Cookies on this website

We use cookies to ensure that we give you the best experience on our website. If you click 'Accept all cookies' we'll assume that you are happy to receive all cookies and you won't see this message again. If you click 'Reject all non-essential cookies' only necessary cookies providing core functionality such as security, network management, and accessibility will be enabled. Click 'Find out more' for information on how to change your cookie settings.

We recorded smooth pursuit in 4 patients with small, discrete unilateral frontal lobe lesions and in 13 normal subjects. In all cases the lesions affected the frontal eye fields (FEF). The use of step ramp stimuli enabled the measurement of different parameters. Initial acceleration was measured to assess the open loop response, maximum and mean gain was an index of the closed loop response and inaccuracy was used to assess the ability of the saccadic system to refoveate. Patients showed a decreased gain towards the side of the lesion, with significant asymmetry. In contrast, acceleration was reduced in both directions without significant asymmetry. In the monkey, it has been shown that the middle temporal area (MT) codes motion in the contralateral side of space in both directions equally, whereas the posterior parietal cortex (PPC) contains cells which encode velocity asymetrically. Our findings would, therefore, be consistent with the hypothesis that there are two pathways from the homolog of MT in the occipito-tempero-parietal pit to the FEF; a direct pathway and an indirect pathway, via the PPC. The direct pathway might encode target velocity in a retinotopic reference frame without directional asymmetry and be responsible for initial acceleration. The indirect pathway might encode target velocity in a non-retinal frame and be responsible for the predictive mechanisms for maintaining pursuit. © 1995, Elsevier B.V.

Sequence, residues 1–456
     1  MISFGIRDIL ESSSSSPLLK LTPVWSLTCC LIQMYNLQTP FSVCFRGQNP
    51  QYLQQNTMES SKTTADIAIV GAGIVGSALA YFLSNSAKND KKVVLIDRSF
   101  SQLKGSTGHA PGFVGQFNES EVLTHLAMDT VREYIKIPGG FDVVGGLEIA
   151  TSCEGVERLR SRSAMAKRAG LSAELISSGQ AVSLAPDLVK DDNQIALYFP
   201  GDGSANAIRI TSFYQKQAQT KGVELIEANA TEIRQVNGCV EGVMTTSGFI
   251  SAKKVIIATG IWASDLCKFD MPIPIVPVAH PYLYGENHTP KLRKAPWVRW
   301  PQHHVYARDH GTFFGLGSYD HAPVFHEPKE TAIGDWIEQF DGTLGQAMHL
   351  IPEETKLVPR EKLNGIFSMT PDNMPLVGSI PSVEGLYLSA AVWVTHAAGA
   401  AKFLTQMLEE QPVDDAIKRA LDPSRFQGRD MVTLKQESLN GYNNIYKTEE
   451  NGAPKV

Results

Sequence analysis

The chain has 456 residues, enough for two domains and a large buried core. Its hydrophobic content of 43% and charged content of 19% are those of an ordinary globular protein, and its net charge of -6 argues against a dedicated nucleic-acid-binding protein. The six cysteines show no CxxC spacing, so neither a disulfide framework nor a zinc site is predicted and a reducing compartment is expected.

Original publication




Journal article

Publication Date





269 - 280